Woakes, Roy fire England to first World Cup final since 1992 | Daily News
Australia lose a WC semi-final for first time

Woakes, Roy fire England to first World Cup final since 1992

England’s Jason Roy on the attack as he scores runs on the off side against Australia in the second World Cup semi-final at Edgbaston on Thursday. – AFP
England’s Jason Roy on the attack as he scores runs on the off side against Australia in the second World Cup semi-final at Edgbaston on Thursday. – AFP

BIRMINGHAM, THURSDAY – England sailed into their first World Cup final since 1992 with a merciless performance beating defending champions Australia by eight wickets in the second semi-final played at Edgbaston here on Thursday.

The batting of the two teams was totally in contrast to each other. Whereas Australia stuttered to 223 in 49 overs after winning the toss and batting first, England simply eased past the target in the 33rd over replying with 226-2 to book themselves a place in Sunday’s final at Lord’s where they will play New Zealand.

England were set on course towards their comprehensive win by openers Jason Roy and Jonny Bairstow who saw off Australia’s new ball attack of Mitchell Starc and Jason Behrendorff to post a stand of 124 off 104 balls.

Roy was in devastating form tearing into the Australian bowling pummelling them for five sixes and nine fours for 85 off 65 balls before being unfortunately given out caught behind by Sri Lankan umpire Kumar Dharmasena off Pat Cummins.

Roy no doubt was furious with the decision and took some time to go off the field having a long conversation with the umpires after Dharmasena blundered by calling for a review when England in fact had already exhausted theirs. One had to be sorry for Roy because he looked good enough for a hundred and TV replays later showed that he had not touched the ball. However Roy left himself open to dissent on the field and may be reprimanded by the ICC.

The dismissals of Bairstow for 34 and Roy didn’t upset England’s momentum as Joe Root (49 n.o. off 46 balls) and captain Eoin Morgan (45 n.o. off 39 balls) saw their team home in an unbroken stand of 79 off 75 balls.

Man of the Match Chris Woakes celebrates the wicket of Australia’s Peter Handscomb. – AFP

From the outset England didn’t allow Australia to play their brand of cricket they are normally renowned for as Man of the Match Chris Woakes and Joffra Archer tore into their top order batting to have them reeling at 14-3. By the end of the first power play of 10 overs Australia were 27/3 – their lowest power play of the tournament.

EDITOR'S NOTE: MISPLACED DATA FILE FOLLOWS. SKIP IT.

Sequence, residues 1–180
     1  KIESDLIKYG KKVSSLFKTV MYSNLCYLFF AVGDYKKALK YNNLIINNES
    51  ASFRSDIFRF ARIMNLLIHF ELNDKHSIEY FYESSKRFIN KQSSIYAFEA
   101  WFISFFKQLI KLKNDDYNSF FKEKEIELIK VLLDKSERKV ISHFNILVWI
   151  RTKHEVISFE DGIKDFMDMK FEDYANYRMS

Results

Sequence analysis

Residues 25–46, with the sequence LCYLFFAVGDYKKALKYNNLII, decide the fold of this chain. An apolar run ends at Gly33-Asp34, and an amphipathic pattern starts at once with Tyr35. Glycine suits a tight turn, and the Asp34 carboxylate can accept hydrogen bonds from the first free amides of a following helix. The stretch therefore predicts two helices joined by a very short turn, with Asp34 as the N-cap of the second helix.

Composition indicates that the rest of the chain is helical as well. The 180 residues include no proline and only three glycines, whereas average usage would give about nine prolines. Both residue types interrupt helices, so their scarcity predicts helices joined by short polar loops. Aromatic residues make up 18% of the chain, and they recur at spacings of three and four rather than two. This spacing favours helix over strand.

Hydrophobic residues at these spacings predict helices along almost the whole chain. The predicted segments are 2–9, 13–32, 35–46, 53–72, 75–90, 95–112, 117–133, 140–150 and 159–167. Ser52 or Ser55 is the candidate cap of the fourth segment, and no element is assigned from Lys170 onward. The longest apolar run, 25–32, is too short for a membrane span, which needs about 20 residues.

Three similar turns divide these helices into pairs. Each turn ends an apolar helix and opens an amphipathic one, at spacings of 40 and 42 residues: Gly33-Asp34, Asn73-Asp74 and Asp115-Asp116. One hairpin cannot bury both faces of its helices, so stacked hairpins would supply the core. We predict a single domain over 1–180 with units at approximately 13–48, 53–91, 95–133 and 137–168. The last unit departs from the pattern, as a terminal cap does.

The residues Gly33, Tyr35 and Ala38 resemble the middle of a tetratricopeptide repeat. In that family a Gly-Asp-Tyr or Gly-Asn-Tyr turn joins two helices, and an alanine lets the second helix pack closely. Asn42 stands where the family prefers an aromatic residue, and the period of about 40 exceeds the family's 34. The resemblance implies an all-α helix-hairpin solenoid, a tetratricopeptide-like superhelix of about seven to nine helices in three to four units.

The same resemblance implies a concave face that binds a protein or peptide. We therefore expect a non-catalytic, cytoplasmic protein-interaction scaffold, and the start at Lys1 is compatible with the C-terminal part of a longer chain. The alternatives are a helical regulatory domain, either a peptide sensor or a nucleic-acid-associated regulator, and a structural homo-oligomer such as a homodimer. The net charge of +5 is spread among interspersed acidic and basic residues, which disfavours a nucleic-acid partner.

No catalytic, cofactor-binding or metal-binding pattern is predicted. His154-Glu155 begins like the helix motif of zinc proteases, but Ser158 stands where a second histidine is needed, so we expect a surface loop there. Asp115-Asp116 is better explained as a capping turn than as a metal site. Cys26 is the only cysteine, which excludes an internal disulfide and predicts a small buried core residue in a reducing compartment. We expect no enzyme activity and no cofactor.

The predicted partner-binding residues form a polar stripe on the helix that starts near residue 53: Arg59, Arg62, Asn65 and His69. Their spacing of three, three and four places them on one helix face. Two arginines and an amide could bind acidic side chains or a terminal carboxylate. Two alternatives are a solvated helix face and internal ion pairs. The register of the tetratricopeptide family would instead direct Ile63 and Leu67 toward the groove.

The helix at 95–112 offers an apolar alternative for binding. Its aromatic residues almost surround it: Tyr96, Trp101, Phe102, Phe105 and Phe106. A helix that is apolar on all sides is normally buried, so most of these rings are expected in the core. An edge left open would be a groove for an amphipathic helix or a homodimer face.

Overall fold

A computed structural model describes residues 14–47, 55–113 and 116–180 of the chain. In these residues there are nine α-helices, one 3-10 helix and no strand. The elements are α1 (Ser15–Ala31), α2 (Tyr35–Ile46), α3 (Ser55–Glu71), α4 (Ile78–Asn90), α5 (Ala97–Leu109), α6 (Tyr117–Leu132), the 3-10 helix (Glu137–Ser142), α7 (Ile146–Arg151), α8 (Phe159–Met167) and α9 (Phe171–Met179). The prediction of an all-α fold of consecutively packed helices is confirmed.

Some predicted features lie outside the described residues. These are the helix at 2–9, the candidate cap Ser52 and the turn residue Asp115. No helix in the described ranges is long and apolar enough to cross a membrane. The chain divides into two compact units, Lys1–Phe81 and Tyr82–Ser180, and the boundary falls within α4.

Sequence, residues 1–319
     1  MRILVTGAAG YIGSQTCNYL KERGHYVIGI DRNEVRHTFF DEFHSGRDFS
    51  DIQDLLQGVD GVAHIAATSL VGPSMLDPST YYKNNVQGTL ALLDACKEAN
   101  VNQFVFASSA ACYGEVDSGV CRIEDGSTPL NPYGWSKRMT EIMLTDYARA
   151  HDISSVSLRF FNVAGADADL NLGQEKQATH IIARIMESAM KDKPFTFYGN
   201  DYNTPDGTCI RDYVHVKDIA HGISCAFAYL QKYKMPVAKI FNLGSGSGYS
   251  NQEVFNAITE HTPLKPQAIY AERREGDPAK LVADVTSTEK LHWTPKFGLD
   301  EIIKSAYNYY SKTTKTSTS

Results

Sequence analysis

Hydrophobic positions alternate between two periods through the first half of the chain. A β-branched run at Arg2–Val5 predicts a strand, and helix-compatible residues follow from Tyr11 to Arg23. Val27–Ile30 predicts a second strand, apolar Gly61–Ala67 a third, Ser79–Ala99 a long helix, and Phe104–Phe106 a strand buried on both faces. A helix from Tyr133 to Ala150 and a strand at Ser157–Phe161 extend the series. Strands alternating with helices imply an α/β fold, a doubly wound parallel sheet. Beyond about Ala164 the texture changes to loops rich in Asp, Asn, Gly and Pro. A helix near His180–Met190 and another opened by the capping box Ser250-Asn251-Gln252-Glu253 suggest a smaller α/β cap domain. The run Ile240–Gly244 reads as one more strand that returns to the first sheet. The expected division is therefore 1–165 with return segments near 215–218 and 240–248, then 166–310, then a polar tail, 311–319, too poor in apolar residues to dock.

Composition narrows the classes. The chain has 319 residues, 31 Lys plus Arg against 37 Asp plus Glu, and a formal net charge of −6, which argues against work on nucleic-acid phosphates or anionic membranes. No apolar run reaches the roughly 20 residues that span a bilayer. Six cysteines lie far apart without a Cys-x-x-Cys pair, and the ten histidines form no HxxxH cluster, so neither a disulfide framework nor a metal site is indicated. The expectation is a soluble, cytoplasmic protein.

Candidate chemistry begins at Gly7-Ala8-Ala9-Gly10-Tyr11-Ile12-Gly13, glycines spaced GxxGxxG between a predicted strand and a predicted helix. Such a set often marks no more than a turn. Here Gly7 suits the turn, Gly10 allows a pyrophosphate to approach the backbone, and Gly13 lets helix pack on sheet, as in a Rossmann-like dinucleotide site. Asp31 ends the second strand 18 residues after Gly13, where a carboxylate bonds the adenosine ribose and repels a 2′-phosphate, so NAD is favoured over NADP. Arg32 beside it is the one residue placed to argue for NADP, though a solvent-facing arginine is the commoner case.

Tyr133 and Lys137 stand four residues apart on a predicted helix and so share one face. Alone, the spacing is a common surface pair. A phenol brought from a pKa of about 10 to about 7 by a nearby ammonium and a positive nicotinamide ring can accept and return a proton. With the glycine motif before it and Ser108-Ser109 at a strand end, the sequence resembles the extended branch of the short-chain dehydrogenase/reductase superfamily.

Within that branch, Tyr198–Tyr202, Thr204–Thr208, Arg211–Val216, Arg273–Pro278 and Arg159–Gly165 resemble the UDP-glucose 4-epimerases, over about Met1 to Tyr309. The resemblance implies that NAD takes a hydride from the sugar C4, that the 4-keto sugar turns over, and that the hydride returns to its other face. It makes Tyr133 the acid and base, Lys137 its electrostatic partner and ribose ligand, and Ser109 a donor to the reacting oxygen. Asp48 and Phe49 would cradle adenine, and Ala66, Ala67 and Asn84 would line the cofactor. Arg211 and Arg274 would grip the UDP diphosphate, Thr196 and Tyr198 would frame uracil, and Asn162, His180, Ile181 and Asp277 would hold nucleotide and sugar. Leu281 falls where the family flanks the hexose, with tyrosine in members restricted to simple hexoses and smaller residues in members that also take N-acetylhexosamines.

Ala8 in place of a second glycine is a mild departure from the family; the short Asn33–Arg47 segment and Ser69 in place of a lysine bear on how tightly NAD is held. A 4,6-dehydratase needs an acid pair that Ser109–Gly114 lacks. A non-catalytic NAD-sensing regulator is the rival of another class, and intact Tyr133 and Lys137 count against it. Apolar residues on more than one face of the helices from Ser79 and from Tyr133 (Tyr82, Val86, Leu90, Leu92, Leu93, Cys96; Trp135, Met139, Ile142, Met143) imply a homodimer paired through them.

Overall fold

Australia’s success has largely been dependent on the opening partnerships provided by David Warner and skipper Aaron Finch who had between them scored 1,154 runs. England knew if they were to keep Australia down to a reasonable total early wickets was the key.

After Warner had driven the first ball of the match off Woakes to the cover boundary the England opening bowlers were all over them.

Archer trapped Finch lbw for a golden duck, the first time an Australian had been dismissed in that manner in the World Cup and Woakes followed with the wickets of Warner (9) and Peter Handscomb (4) who had replaced the injured Usman Khawaja.

England bowled at a fiery pace with Alex Carey suffering a cut under his right chin that later required stitches by a rearing ball from Archer that required treatment on the field.

Carey and Steve Smith built on a partnership of 103 to bring up the fiftieth century stand for Australia in World Cups before England broke through again on this occasion with spin.

Adil Rashid, who has had an ordinary World Cup so far, pushed Australia further against the wall by breaking the partnership dismissing Carey for 46 and then going onto add the wickets of Marcus Stoinis (0) and Pat Cummins (6) to finish with three wickets for 54. Rashid had done a remarkable job for England getting key wickets in the middle overs.

Archer returned to remove the dangerous Glenn Maxwell for 22 and Woakes the stubborn Starc for 29.

Smith was the stand out player for Australia battling it out single-handedly to score a splendid 85 off 119 balls before his innings was ended by a superb piece of fielding by wicket-keeper Joss Buttler who removed his gloves to make a direct hit at the non-striker’s end to run him out.

England’s execution on the field in bowling and fielding was outstanding with Woakes playing in front of his home supporters exceptional - up front and towards the backend of the Australian innings.


 

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